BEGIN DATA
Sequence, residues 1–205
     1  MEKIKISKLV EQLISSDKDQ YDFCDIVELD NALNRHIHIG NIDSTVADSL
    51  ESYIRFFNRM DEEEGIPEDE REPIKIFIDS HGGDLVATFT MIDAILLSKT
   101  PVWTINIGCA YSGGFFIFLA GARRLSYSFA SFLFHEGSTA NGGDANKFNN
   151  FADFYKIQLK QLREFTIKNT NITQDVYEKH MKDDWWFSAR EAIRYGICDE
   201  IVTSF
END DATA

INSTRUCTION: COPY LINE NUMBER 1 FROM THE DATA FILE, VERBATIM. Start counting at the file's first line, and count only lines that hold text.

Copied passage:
Sequence, residues 1–205